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Lobaina v. Shults

United States District Court, S.D. Mississippi, Northern Division

September 24, 2018

DARIEN RODRIGUEZ LOBAINA PETITIONER
v.
WARDEN LARRY SHULTS RESPONDENT

          REPORT AND RECOMMENDATION

          JOHN C. GARGIULO UNITED STATES MAGISTRATE JUDGE

         BEFORE THE COURT is the pro se Petition of Darien Rodriguez Lobaina for Writ of Habeas Corpus under 28 U.S.C. § 2241 (ECF No. 1). Respondent Warden Larry Shults filed a Response (ECF No. 11) and Memorandum (ECF No. 12), and Petitioner did not file a reply. Petitioner did not respond to the Court's Order to Show Cause (ECF No. 13), which ordered him to show cause why the Petition should not be dismissed because it had been rendered moot by his release from custody. Having considered the submissions of the parties, the record, and relevant legal authority, the undersigned recommends that the Petition for Writ of Habeas Corpus be DENIED because it is moot and because Petitioner has failed to prosecute and obey orders of the Court.

         BACKGROUND

         At the time he filed the Petition on May 3, 2017, Lobaina was a postconviction federal inmate housed at the Federal Correctional Complex in Yazoo City, Mississippi. In the Petition, Lobaina sought immediate release from custody due to an alleged miscalculation of his sentence. Warden Shults filed a Response on July 27, 2017, asserting that Lobaina's sentence was not miscalculated. Lobaina did not file a reply.

         According to the Federal Bureau of Prison's web site, Lobaina was released from federal custody on December 20, 2017.[1] Lobaina has not filed a change of address since that time, although he did file a change of address to a free-world address in Miami, Florida, on July 5, 2017.

         The Court issued an Order to Show Cause on May 25, 2018, requiring Lobaina to show cause why his Petition should not be dismissed because it had been rendered moot due to his release from custody. The Court further ordered Lobaina to show cause why the Petition should not be dismissed because he had failed to keep the Court apprised of his current address. Lobaina was warned that if he failed to file a timely response to the Order to Show Cause, the Petition would be subject to dismissal pursuant to Federal Rule of Civil Procedure 41(b) and under the Court's inherent authority to dismiss the action sua sponte.

         The Order to Show Cause was mailed by certified mail to Lobaina's last known address in Miami. The Order to Show Cause was received at this address and signed for on May 29, 2018. (ECF No. 14). Despite almost four months having passed since that time, Lobaina has not responded to the Order to Show Cause.

         ANALYSIS

         Lobaina's Petition is properly brought pursuant to 28 U.S.C. § 2241, “which applies to persons in custody regardless of whether final judgment has been rendered and regardless of the present status of the case pending against him.” Dickerson v. State of La., 816 F.2d 220, 224 (5th Cir. 1987). The “purpose of the writ [filed pursuant to § 2241] is not to examine the validity of any judgment, but merely to inquire into the legality of a detention.” Fain v. Duff, 488 F.2d 218, 222 (5th Cir. 1973) (citations omitted).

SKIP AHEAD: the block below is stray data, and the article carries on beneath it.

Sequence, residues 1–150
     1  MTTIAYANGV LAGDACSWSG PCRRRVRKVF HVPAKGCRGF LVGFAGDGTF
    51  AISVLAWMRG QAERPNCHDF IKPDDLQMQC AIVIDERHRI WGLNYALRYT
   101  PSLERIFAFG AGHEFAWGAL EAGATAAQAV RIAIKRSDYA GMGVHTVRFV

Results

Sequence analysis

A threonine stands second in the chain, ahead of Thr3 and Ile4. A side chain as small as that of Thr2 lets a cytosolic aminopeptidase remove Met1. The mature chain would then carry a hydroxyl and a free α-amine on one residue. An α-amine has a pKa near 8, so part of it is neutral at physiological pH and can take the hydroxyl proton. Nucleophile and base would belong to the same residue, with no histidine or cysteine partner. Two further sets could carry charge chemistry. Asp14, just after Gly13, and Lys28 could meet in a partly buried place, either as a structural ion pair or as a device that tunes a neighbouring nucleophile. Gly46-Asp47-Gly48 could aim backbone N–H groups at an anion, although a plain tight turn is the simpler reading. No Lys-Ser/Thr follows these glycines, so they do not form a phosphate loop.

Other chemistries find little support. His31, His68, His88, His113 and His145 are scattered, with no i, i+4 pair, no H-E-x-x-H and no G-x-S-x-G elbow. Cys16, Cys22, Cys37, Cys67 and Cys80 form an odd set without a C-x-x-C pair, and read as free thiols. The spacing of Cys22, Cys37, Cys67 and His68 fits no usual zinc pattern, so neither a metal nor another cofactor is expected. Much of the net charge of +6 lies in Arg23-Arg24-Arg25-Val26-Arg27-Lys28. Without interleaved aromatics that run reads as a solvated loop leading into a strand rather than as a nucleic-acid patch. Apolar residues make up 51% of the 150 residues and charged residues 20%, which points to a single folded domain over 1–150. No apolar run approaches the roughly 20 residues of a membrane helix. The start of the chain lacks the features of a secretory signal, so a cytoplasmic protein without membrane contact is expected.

Although an action “is not moot simply because a § 2241 petitioner is no longer in custody, ” it is rendered moot “when the court cannot grant the relief requested by the moving party.” Salgado v. Fed. Bureau of Prisons, 220 Fed.Appx. 256, 257 (5th Cir. 2007) (citing Bailey v. Southerland, 821 F.2d 277, 278 (5th Cir. 1987) (finding §2241 petition moot where prisoner who asked to be released from confinement was released from confinement)); see United States ex rel. Lynn v. Downer, 322 U.S. 756, 756 (1944) (finding petition for writ of certiorari moot where petitioner was no longer in respondent's custody); Salinas v. U.S. Marshals Serv., 111 Fed.Appx. 782, 783 (5th Cir. 2004) (“because [petitioner] has already been released from federal custody, there is no relief this court can grant . . .”).

         Lobaina has been released from custody and has apparently abandoned this action. Lobaina's request that the Court order him to be immediately released has been rendered moot. Moreover, this case exemplifies the type of action that warrants dismissal under Federal Rule of Civil Procedure 41(b) and the Court's inherent authority for failure to prosecute. See Link v. Wabash R.R. Co., 370 U.S. 626, 629-30 (1962); Larson v. Scott, 157 F.3d 1030, 1031 (5th Cir. 1998). Lobaina did not respond to the Order to Show Cause, despite being ordered to do so, and despite over four months having passed. Lobaina has not filed a change of address, filed a pleading, or otherwise corresponded with the Court since his release from custody.

         RECOMMENDATION

         It is recommended that Lobaina's Petition under 28 U.S.C. § 2241 for writ of habeas corpus be DENIED because it is moot and Lobaina has ...


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